Apple iOS, iPadOS, macOS and tvOS have a built-in framework that supports mobile device management. According to Apple, MDM lets you securely and wirelessly configure devices by sending profiles and commands to the device, whether they’re owned by the user or the organisation. MDM capabilities include updating software and device settings, monitoring compliance with organisational policies, and remotely wiping or locking devices. Users can enrol their own devices in MDM, and organisation-owned devices can be enrolled in MDM automatically using Apple School Manager or Apple Business Manager.
MAM is a set of software solutions that enables administrators to securely deploy and manage mobile applications on corporate and personal smartphones and tablets. (Source: appaloosa).
Examples of Apple MDM solutions are Mosyle, ManageEngine, Jamf, Zscaler.
End-users should also ensure that there is an anti-malware package installed on their devices. Anti-virus/anti-malware developers offer both, Windows and macOS versions. Some can also run on mobile devices. When opting for a package, look for a subscription plan that covers multiple devices. Some subscriptions include up to 5 devices. With the same subscription, you can protect your desktop, laptop, desktop, phone, and tablet.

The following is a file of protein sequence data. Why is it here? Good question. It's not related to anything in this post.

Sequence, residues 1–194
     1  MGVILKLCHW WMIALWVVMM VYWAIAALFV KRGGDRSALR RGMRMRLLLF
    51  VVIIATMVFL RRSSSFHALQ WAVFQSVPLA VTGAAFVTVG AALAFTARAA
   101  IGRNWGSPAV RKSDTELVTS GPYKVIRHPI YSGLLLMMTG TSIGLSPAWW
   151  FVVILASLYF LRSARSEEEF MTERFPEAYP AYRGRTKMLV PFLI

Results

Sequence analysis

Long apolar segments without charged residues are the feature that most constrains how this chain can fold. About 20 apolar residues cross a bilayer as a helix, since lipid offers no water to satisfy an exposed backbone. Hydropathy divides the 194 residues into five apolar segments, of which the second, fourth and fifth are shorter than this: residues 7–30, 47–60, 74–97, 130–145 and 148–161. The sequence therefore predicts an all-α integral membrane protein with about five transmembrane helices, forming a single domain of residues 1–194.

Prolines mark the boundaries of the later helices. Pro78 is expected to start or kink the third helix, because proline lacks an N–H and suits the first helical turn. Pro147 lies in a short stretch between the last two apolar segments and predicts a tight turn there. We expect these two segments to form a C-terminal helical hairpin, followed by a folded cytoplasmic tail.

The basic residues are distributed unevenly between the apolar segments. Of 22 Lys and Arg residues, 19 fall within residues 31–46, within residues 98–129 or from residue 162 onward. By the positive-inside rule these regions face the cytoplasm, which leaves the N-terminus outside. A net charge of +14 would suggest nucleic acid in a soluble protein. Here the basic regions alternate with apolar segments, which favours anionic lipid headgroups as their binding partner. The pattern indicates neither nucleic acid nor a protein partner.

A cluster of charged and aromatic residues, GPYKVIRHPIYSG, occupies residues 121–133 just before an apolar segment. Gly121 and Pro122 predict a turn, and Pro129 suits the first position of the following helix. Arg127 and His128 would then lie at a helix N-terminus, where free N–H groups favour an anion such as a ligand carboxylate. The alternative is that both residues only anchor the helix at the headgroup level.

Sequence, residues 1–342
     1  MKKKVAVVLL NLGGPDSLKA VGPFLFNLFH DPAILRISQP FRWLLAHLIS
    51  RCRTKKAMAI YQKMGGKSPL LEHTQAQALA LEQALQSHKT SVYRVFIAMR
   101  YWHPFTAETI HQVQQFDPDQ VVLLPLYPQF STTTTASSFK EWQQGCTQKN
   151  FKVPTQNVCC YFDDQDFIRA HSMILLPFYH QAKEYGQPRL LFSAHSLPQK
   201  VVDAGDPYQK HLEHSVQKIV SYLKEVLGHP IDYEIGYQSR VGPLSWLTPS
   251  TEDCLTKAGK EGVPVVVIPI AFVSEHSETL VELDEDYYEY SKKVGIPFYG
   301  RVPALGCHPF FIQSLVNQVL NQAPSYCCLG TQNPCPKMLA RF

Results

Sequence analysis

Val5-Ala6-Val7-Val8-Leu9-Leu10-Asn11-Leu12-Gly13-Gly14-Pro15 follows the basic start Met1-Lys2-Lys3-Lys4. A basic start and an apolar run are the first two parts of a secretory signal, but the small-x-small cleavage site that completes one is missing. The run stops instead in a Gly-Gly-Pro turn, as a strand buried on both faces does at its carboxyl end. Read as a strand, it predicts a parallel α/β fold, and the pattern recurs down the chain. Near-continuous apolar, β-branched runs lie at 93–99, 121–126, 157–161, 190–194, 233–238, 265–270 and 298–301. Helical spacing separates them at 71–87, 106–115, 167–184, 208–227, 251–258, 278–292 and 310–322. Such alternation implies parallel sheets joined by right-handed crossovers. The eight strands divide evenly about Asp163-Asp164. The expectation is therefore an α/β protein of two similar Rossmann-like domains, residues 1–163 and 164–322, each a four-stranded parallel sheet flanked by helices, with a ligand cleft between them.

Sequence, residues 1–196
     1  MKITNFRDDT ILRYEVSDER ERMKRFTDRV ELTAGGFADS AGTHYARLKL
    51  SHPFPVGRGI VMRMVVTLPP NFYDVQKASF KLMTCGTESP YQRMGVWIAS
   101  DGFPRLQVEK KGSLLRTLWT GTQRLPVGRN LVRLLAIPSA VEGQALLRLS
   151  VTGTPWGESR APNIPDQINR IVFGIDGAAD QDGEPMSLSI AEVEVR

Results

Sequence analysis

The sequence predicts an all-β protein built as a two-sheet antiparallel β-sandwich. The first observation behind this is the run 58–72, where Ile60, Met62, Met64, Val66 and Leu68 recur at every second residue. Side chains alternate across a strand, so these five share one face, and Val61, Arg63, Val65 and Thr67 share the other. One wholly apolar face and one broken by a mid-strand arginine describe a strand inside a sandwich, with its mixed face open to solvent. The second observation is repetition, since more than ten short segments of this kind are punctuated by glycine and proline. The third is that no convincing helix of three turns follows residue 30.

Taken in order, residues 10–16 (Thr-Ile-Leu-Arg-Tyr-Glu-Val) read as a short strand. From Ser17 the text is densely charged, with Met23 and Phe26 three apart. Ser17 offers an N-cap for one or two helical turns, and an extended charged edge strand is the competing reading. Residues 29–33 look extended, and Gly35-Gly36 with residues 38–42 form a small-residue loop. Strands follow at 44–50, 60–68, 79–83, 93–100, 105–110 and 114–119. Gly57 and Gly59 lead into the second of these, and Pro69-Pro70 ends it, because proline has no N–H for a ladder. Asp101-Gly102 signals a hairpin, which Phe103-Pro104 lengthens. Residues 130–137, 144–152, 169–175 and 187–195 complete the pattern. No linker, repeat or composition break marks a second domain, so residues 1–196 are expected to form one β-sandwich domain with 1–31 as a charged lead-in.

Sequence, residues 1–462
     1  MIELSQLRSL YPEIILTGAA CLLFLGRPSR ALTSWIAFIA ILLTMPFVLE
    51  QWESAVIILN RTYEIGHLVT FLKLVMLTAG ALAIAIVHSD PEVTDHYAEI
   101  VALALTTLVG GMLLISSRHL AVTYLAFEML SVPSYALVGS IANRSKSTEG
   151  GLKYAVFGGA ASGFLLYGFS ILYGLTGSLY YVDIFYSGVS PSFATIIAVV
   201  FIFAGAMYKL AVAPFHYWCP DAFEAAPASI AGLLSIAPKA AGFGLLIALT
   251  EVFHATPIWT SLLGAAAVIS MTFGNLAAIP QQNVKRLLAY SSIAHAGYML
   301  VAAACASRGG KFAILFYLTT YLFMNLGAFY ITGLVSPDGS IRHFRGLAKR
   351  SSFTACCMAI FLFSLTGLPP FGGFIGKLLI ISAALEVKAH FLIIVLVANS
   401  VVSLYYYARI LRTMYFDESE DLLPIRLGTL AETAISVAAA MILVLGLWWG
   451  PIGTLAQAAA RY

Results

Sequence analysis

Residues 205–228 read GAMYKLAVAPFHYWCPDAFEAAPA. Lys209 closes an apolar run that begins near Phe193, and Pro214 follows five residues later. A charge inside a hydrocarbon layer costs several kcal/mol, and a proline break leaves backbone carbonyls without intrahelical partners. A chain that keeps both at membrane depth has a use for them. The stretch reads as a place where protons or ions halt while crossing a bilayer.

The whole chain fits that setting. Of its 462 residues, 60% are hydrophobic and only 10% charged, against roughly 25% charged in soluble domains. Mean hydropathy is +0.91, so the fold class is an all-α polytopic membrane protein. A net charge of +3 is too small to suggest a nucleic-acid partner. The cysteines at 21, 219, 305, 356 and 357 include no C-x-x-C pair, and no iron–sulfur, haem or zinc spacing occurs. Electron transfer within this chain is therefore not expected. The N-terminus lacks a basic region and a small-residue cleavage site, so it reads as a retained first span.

Examples: BitDefender, Norton360, McAfee, Panda, Kaspersky.
In addition to anti-malware, a system optimiser looks after the “health” of your MacBook device by monitoring the performance of all subsystems. It can also free up RAM, clean up junk files, cookies, and uninstall infrequently used applications. This maintenance will prevent your apps and system from crashing. System optimisers make your device faster and perform at their peak.
Examples: CleanMyMac (Windows version: CleanMyPC).
Apple devices are very secure out of the box and the company ensures that its operating systems are quickly patched when bugs are reported. But as more companies adopted work from home and hybrid work models, malicious actors have started targeting Apple devices.
If you use an Apple device for work, and it is connected to the corporate network, it becomes an endpoint – and could pose a threat to the network. You Apple endpoint device becomes a gateway to the company network, and hackers could target your device through phishing attacks and malware.
To minimize the risk, ensure that your device has an MDM solution installed as well as anti-malware.